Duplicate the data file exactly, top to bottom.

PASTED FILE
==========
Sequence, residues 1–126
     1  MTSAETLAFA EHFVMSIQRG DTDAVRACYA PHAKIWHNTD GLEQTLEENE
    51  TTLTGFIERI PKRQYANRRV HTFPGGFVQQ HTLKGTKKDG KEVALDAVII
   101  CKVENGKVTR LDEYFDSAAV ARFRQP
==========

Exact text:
Sequence, residues 1–126
     1  MTSAETLAFA EHFVMSIQRG DTDAVRACYA PHAKIWHNTD GLEQTLEENE
    51  TTLTGFIERI PKRQYANRRV HTFPGGFVQQ HTLKGTKKDG KEVALDAVII
   101  CKVENGKVTR LDEYFDSAAV ARFRQP